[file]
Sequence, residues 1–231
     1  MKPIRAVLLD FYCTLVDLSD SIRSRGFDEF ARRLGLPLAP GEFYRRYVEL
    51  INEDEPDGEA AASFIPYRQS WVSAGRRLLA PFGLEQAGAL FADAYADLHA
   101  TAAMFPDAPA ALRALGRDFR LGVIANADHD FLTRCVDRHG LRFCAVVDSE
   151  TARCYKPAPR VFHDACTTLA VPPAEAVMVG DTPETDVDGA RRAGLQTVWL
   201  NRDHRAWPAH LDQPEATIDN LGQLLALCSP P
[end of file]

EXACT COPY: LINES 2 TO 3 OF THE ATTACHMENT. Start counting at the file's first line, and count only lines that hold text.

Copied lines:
     1  MKPIRAVLLD FYCTLVDLSD SIRSRGFDEF ARRLGLPLAP GEFYRRYVEL
    51  INEDEPDGEA AASFIPYRQS WVSAGRRLLA PFGLEQAGAL FADAYADLHA